Saturday, February 16, 2008

Desert Files - Day 9

Have been thinking more about the Sorry Day stuff. I think there needs to be a sharing of pain, because I think everyone in Australia shares the pain of not having a home. Some had their home taken from them when Britain invaded, and others lost their homes because they were sent here as prisoners, or came here for economic opportunities, or were granted asylum here. (I'm not sure how well most people can relate to that consciously though.)
I also think it's a big problem that most Australians who aren't indigenous don't even know anyone that is.


Chris said...

At what point does a person become "indigenous"? How many generations does it take for a person to become indigenous to a place? Ten? Twenty? I ask only because I wonder if perhaps that's the angle that has to be taken alongside the one you suggested ... both the Aborigines and teh rest of the population are now indigenous and have to share Australia. It's not as if all the rest will be leaving at this point, ya know?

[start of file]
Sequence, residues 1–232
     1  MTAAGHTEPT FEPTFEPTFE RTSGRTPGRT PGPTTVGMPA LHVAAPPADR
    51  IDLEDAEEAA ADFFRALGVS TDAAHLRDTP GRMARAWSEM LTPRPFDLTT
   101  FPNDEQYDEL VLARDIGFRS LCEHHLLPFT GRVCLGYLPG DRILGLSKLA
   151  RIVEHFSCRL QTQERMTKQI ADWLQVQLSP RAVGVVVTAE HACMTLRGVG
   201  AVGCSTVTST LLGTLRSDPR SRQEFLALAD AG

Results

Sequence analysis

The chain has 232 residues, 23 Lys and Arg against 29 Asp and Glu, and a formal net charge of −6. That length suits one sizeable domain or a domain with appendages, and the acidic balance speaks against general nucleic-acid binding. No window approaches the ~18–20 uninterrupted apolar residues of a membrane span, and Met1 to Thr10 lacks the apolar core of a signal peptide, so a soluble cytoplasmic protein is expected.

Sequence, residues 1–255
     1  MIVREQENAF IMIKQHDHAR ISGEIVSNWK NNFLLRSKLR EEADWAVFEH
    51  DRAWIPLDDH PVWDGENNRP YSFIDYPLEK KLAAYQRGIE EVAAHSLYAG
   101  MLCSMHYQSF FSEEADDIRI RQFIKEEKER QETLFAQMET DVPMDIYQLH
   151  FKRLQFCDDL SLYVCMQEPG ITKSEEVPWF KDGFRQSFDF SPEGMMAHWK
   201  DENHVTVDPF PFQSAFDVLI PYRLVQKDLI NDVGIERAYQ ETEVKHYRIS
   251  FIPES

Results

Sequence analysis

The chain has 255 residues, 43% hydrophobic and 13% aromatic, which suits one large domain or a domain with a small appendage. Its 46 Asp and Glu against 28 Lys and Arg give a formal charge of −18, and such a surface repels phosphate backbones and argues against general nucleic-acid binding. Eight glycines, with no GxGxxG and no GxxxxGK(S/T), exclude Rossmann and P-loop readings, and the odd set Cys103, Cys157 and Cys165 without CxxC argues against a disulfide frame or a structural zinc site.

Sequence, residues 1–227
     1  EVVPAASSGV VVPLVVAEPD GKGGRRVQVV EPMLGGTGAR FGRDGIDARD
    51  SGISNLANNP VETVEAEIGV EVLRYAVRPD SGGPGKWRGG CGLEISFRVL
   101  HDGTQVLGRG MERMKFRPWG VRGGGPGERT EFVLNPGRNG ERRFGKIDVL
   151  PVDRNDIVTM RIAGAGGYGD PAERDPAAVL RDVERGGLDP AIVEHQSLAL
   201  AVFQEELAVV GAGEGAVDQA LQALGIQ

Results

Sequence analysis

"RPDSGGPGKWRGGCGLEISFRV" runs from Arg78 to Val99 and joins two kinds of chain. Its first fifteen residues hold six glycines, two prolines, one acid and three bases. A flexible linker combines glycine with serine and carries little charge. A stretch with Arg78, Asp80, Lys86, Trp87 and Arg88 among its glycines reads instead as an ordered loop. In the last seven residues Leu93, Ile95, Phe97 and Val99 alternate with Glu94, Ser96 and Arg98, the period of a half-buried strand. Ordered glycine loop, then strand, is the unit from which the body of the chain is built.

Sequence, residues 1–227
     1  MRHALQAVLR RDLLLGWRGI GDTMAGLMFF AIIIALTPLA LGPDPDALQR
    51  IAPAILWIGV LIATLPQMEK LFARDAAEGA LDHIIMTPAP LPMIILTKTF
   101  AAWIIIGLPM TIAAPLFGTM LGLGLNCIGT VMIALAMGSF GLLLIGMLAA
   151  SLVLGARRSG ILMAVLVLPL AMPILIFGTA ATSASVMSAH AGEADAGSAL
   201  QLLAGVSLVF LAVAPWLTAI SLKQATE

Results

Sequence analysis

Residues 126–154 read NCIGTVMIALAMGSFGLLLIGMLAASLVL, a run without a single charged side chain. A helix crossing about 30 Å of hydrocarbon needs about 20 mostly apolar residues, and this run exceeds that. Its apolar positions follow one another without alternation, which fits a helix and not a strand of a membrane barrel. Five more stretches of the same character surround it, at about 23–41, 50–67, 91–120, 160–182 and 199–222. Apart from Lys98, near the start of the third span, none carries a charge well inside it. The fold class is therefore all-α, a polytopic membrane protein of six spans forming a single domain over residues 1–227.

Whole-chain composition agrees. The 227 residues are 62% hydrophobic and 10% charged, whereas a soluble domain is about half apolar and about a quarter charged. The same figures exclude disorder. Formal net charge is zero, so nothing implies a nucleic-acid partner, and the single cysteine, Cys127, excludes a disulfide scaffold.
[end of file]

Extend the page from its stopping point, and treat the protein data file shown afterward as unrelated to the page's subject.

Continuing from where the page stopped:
Tab said...

Yeah, it wasn't until I came to Broken Hill that I really met any indigenous Australians. I guess for me, living mostly in Ballarat until then it was a matter of time and place - I didn't intentionally set out to meet any Indigenous people either here or in Ballarat - its just a mater of population I think. I suppose if I wanted I could go out of my way to NOT meet anyone here.

I have felt for a while a sense of disconnection in not knowing my family history, and where we came from. Doing a little bit of research and talking to my grandparents helped me a lot. I still don't know very much. But being able to say that a bunch of my early ancestors came from Cornwall makes a massive difference to me. I think that history and place make a difference to all people - at some stage, but I'd agree too that many people seem not to recognise it.

Christop said...

Theoretically we could become indigenous. Some of my ancestors came here a relatively long time ago (in one direction I'm sixth generation Australian), but I'm not indigenous.
I think one thing that stops us becoming 'indigenised' is that we don't acknowledge the loss of the lands we came from, and we treat this land badly because we'd still rather be back in the lands we came from. We certainly haven't become connected to this land like the indigenous people are.